To make it easier for employers to identify competent workers, a litany of badges, certificates, and the like will purportedly signal proficiency. In some yet-to-be-demonstrated manner, these proxies will then be stacked and sewn together by a trusted entity to warrant conferral of what traditionally has been considered a college degree. Along the way, it’s assumed that learners of any age will independently bring coherence to and cultivate depth of understanding from these various experiences.
Another narrative is framed by a chorus of CEOs and managers who bemoan that too many job applicants with associate and baccalaureate degrees cannot write coherent paragraphs, clearly explain complex problems, or work effectively with people who differ from themselves. And this is after several years of postsecondary study, not the few weeks or months needed to earn a badge. At the same time, many business leaders say that they prefer candidates who not only can do today’s work, but who will be able to continue to learn on their own in real time to do tomorrow’s work — jobs that have not yet been invented. Is there a badge or certificate to certify skills for jobs that haven’t even been invented yet?!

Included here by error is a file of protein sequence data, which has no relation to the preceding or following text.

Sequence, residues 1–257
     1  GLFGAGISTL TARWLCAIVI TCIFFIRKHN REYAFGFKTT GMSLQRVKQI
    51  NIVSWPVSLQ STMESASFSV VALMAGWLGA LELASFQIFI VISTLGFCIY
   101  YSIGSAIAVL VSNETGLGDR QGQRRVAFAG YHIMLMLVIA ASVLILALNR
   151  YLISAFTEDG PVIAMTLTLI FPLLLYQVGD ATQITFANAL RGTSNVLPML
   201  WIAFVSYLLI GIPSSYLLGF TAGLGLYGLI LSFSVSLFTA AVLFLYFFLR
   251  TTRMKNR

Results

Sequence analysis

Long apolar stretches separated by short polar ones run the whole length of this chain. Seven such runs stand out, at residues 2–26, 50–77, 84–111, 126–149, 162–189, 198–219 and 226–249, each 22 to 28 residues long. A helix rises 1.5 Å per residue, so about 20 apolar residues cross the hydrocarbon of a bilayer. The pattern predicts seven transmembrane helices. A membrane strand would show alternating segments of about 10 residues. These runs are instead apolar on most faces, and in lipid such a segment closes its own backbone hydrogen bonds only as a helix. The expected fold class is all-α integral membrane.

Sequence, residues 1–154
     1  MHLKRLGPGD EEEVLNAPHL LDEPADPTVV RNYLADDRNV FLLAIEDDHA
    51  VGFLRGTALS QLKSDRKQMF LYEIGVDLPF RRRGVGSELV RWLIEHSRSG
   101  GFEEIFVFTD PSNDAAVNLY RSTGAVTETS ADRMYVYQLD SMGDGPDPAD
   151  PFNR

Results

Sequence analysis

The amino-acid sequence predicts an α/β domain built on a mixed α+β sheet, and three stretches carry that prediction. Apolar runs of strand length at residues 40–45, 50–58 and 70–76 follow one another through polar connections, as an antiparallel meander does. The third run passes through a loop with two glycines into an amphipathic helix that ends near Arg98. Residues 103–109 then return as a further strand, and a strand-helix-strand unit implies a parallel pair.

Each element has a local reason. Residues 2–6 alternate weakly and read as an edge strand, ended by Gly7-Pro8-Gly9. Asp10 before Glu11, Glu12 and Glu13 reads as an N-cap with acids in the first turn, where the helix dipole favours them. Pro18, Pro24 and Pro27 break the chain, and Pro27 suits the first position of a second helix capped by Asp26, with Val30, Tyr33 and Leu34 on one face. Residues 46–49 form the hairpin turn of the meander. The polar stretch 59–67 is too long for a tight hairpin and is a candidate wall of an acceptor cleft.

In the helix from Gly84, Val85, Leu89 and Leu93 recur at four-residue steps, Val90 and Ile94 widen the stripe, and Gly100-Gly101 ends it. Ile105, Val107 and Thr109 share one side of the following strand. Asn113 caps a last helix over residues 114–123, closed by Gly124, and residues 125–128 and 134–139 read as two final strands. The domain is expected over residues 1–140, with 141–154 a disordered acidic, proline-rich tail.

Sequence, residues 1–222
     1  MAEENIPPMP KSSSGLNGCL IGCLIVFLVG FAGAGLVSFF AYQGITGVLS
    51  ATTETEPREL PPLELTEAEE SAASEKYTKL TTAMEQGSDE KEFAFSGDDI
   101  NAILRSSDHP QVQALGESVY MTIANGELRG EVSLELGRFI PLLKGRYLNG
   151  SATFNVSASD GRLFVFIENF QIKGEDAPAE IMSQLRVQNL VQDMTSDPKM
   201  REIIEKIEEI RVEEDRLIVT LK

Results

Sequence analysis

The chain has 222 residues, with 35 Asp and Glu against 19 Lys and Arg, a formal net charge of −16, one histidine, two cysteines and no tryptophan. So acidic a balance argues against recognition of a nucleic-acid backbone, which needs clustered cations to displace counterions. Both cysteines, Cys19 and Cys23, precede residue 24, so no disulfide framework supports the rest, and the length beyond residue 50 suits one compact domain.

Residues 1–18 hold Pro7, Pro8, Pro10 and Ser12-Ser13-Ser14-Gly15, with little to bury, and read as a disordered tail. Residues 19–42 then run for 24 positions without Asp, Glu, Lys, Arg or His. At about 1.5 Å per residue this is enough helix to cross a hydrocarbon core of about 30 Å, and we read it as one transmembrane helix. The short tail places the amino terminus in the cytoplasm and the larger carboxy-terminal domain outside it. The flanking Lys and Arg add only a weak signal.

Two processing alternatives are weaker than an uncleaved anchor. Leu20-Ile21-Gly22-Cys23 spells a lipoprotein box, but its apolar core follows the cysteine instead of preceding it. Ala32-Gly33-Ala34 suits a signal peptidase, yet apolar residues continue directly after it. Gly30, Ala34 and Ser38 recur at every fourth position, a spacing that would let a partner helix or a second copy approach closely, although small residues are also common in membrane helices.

Of course, short-term vocational skills-based programs are critically important and well suited for many people. This has always been true and will continue to be so. But is this an acceptable policy choice for addressing the demands of the 21st century workplace and fixing the shortcomings of American higher education at this point?
No, and here’s why.
We’ve known for many decades that there are no short cuts to cultivating the habits of the mind and heart that, over time, enable people to deepen their learning, develop resilience, transfer information into action, and creatively juggle and evaluate competing ideas and approaches. These are the kinds of proficiencies and dispositions needed to discover alternative responses to challenges presented by the changing nature of today’s jobs or for work not yet invented. Workplaces, societal institutions, and the world order are only going to get more complicated and challenging to navigate and manage, increasing the need for people with accumulated wisdom, interpersonal and practical competence, and more than a splash of critical thinking, analytical reasoning, and altruism.